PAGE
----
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If you picked up this weeks copy of The Lawyer you’ll have seen the headline piece ‘Why your managing partner hates the job’ (17 November edition). It certainly grabbed my attention. I have often considered what a managing partner’s job is really like, as a manager myself it’s never easy being a manager of people; you get blamed for an awful lot but it’s also very rewarding at the same time.
I think often people ‘fall’ into management, a lot of the time top talent is recognised by virtue of their high performance level (being a top biller for example) and people suggest to the star performer that they would make a good manager. Why? Is it because their methods are a shinning example of how things should be done? That they can read people very well, they can analyse a person’s personality type in a heart beat and adapt their behaviour towards them and could therefore manage people and get the best out of them, and be the calming influence in times of stress? You’d like to think so but sadly I find that all too often potential managers are spotted via their performance alone (money talks, you know the rest), the all conquering end product rules the roost. The issue of whether they can relate to people, get on with people of varying personality types, make themselves accountable, take responsibility, build trust as well as producing the goods seems to get forgotten or worse still, ignored.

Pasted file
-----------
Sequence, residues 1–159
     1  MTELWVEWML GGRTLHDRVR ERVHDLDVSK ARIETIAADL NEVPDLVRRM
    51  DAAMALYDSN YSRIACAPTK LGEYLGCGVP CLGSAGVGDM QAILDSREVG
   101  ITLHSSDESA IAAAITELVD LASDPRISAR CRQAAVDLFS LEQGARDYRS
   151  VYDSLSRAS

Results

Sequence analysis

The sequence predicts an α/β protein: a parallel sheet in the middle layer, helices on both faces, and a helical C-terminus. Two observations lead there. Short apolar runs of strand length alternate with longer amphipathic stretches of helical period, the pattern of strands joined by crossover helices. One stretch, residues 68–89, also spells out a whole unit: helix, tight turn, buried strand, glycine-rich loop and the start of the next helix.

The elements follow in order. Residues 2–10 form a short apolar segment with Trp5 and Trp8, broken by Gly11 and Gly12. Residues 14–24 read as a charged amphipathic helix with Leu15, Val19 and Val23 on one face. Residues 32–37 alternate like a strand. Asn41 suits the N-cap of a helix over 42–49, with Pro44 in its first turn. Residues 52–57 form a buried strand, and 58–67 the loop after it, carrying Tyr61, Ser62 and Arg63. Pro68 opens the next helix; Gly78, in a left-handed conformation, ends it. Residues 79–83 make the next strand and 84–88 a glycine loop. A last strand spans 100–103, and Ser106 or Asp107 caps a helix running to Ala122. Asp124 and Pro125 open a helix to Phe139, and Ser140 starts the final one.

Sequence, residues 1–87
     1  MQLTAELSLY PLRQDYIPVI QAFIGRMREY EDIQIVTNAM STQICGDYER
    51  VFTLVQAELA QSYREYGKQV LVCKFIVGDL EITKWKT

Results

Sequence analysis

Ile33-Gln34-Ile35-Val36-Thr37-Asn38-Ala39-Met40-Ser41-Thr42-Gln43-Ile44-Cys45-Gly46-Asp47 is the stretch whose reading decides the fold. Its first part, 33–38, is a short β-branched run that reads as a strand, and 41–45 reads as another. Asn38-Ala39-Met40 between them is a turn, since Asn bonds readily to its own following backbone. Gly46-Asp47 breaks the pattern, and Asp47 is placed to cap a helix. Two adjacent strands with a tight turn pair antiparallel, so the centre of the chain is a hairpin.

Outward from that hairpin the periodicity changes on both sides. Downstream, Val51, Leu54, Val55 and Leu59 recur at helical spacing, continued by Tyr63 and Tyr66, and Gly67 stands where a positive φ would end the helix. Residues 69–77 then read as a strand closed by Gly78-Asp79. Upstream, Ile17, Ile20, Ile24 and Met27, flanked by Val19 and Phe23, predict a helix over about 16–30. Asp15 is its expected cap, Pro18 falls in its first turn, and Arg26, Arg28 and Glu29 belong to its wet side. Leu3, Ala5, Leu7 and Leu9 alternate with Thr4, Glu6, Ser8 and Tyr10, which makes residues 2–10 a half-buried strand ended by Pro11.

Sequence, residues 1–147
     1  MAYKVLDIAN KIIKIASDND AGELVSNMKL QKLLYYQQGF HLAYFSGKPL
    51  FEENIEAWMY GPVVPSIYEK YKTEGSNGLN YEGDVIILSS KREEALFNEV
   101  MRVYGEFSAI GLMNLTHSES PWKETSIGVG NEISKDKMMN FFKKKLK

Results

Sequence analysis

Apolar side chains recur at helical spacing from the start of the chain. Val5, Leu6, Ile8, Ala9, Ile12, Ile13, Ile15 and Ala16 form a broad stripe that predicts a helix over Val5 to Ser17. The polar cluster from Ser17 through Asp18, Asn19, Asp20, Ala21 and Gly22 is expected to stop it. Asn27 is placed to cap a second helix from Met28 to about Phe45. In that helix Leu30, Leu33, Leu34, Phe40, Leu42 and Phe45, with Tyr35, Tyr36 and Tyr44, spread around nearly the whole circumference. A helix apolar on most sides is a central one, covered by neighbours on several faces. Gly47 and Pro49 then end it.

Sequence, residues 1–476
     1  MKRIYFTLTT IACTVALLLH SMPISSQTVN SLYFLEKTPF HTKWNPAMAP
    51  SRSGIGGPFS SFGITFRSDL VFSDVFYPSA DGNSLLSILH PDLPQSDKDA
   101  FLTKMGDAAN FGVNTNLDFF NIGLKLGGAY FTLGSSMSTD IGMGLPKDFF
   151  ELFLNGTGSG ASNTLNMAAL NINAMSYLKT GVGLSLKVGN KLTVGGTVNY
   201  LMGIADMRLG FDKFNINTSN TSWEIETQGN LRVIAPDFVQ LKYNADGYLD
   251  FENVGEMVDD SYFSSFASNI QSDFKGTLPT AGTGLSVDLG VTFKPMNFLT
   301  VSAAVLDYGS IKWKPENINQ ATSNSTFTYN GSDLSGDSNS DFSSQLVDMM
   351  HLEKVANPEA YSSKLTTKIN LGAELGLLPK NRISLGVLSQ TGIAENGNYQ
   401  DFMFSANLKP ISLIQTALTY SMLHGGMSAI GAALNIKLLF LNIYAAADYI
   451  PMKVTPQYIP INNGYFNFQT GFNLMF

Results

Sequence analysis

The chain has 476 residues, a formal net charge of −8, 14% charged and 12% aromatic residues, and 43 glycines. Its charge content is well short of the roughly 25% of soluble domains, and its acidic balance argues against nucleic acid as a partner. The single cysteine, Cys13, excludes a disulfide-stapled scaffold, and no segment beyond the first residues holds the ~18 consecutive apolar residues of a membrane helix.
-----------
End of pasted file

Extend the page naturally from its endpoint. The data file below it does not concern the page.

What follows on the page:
It seems to me that the theme that runs through the cover story is that being a managing partner is a largely thankless job, constantly trying to convince people to your way of thinking, being challenged at every turn, keeping an eye on profit and loss, making process improvements, managing change that isn’t wanted etc. Being a great lawyer will not make you a great managing partner, in fact I don’t believe being great at anything will necessarily make you a great leader.
I can see that a manager’s job will seem like a poisoned chalice if the manager doesn’t understand what is required, being made up to managing partner surely must be the pinnacle of a lawyer’s career? If it’s not, whose fault is that? The people who were responsible for promoting them or the person for accepting the job without first reading the manual?
I firmly believe that in this world where we judge everyone on results, we will unfortunately carry on promoting the wrong people. Look at somebody’s methods, do they reflect the companies ethos? Is the person perceptive and self aware? Does the person have the ability to manage change? Do they know what being a good manager looks like? If yes to all of these, I would hope that the chalice will not taste too poisonous. After all, a little poison won’t hurt and will help keep your wits about you!